Bankruptcy for Chicago Public Schools would not only be a long and complicated litigation process, but could cause a “death spiral” for the district, according to a group of panelists at a City Club of Chicago event Monday titled, Chicago Public Schools: Is Bankruptcy Inevitable?

Governor Rauner floated bankruptcy as a potential fix for Chicago Public Schools’ financial problems in April, but CPS would have several legal hurdles to jump before it could declare it is out of cash.

For starters, a municipality like CPS couldn’t file for Chapter 9 bankruptcy without state approval, according to panelist George Panagakis, a lawyer who deals with reorganizations, debt restructuring, and insolvency. But even if the state allowed CPS to file for bankruptcy, Panagakis says the school district would have to meet three eligibility criteria.

First, it would have to be insolvent in near-term cash flow. “It would have to be really really out of money,” Panagakis explained. Whether CPS could raise more revenue or make more cuts would have to be hashed out in court.

Second, the district would need a plan for how to get out of bankruptcy, either by extending debt maturities, reducing the amount of principal or interest, or refinancing the debt by obtaining a new loan.

And lastly, CPS would have to negotiate with a majority of its creditors to get a consensus that bankruptcy is the best step forward.

Getting legislation in place, then convincing a judge the district meets all three requirements would take a year or more to prove, Panagakis said, adding that filing for bankruptcy can be a useful way to create a forum as a last ditch effort to try to straighten out finances. He said talking about Chapter 9 is a good thing.

But Charles Burbridge, a deputy chief financial officer at CPS 20 years ago, called talk of bankruptcy a red herring, saying education policy and pension funding are the real issues.

“It’s reprehensible that the state would even consider bankruptcy,” he said, to applause from the crowd. “CPS is a creation of the state, the state controls almost every aspect of education… the state needs to step up and take responsibility for it.”

In an interview with the Tribune about the source of CPS’s budget woes, Burbridge, now head of the Chicago Teacher’s Pension Fund, talked about his part in contributing to the problem back in 1995. “We felt that we made good calls on the priorities…History may judge that we didn’t. Certainly good pension funding shows that we didn’t. But we thought we were doing good things.” He told today’s crowd the pension fund survived through World Wars and a Depression, but can’t survive without full employer contributions.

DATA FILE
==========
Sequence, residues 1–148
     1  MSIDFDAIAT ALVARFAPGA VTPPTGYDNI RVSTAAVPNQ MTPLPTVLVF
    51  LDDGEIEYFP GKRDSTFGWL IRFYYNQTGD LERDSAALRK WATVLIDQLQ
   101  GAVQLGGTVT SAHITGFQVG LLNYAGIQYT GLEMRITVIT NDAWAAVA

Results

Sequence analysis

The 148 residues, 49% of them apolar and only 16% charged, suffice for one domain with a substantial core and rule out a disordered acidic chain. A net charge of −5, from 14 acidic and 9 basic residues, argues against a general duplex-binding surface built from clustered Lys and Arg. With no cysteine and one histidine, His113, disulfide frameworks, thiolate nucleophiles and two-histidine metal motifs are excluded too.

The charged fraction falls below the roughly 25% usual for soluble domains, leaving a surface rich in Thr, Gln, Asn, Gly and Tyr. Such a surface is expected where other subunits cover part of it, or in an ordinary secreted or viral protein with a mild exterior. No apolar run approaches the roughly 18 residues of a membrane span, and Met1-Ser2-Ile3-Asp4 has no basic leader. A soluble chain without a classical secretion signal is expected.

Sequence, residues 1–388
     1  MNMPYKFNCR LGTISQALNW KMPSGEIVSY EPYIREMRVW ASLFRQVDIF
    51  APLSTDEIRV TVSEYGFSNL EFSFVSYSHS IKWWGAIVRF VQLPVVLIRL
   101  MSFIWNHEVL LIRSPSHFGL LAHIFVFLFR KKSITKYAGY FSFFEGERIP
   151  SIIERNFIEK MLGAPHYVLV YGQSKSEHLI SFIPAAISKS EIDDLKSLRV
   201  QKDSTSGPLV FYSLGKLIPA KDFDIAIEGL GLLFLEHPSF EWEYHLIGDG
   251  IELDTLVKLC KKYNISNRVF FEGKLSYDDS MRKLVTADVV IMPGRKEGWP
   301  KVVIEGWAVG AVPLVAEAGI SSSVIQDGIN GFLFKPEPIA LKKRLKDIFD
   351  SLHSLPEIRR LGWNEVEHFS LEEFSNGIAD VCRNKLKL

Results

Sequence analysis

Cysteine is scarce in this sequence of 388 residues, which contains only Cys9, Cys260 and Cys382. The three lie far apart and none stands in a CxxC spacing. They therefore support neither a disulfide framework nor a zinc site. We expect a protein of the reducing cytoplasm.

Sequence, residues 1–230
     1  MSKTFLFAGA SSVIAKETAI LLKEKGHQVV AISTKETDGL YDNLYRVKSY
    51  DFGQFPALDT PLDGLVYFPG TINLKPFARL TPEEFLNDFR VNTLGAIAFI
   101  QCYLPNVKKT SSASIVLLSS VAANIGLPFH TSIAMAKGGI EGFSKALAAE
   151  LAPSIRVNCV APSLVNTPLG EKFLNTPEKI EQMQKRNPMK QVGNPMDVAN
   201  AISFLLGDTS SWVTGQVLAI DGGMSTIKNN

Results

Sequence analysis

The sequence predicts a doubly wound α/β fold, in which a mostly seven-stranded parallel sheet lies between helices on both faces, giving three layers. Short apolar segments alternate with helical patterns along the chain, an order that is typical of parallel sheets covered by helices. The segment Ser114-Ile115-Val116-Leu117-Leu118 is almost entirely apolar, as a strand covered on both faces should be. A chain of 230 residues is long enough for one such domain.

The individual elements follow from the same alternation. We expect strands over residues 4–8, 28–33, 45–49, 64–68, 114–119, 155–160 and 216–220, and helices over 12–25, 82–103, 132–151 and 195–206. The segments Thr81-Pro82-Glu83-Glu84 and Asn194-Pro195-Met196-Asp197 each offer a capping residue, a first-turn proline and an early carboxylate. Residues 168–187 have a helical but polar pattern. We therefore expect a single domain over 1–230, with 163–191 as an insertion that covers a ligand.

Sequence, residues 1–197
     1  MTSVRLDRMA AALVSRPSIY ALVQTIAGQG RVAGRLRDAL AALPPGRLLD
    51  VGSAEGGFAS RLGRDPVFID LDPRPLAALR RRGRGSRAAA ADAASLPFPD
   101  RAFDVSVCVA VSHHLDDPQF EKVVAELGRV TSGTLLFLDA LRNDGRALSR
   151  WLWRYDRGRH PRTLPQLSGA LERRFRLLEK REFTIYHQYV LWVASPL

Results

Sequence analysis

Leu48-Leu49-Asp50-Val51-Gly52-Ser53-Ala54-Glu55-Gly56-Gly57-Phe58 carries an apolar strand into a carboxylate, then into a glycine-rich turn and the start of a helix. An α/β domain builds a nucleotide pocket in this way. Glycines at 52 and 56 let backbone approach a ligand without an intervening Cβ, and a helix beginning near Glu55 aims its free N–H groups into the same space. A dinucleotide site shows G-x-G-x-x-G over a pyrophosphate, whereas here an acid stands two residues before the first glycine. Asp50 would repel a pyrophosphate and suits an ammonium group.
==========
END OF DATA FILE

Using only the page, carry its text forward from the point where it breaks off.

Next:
Panelist Troy LaRaviere, the principal of Blaine Elementary School, a self-described passionate defender of public schools, didn’t partake in the City Club’s lunch in solidarity with the hunger strikers for Dyett High School. He argued emotionally that blame shouldn’t rest entirely on Springfield’s shoulders, and read a prepared statement saying Mayor Emanuel’s allowed poor financial decisions to continue well into his administration.

“Pensions are not the source of our problem. This administration consistently misappropriated pension funds and then attempts to convince us that pensions themselves are the problem. That’s like a thief stealing your rent money and then attempting to convince you that the landlord is your problem.”

LaRaviere said reckless and corrupt city borrowing, a “parasitic private sector,” and state legislators that create a climate for “this kind of nonsense to happen,” are taking all of what little teachers have.

And then there was Jesse Ruiz, vice president of the Chicago Board of Education, who bypassed bankruptcy talk altogether and instead blamed Springfield for the district’s financial woes. “The fact of the matter is, state support for public education has been in decline,” he said. Chicago schools have taken a $100 million hit in this past fiscal year alone, Ruiz added.

Ruiz is now tasked with voting on CPS’s proposed budget, which includes a $450M gap that the district hopes Springfield will fill. CPS CEO Forrest Claypool has said there’s no Plan B in place if Senate President John Cullerton doesn’t pull through on the bill he is championing in Springfield to help give the district a break.

Just after the panel, the Civic Federation issued a press release urging the Board of Education to reject CPS’s budget, calling it irresponsible for the same reason one member of the crowd brought up: there’s no Springfield rescue yet. “This budget is yet another financially risky, short-sighted proposal and fails to provide any reassurance that Chicago Public Schools has a plan for emerging from its perpetual financial crisis,” the release said. You can read Civic Fed’s full report here.

Former CPS CEO Paul Vallas might’ve summed things up most succinctly when he said bankruptcy would be “the kiss of death for CPS,” not only because kids and teachers could flee to private and charter schools, decimating per-student funding. “The legal obstacles, the implications, the fact that the courts are going to force you to demonstrate that you’ve done everything that you could normally do in a normal political environment to resolve the issues before they declare bankruptcy, it’s just not an option just for those reasons alone. But it’s also not an option because who wants to send their kids to a bankrupt school district?”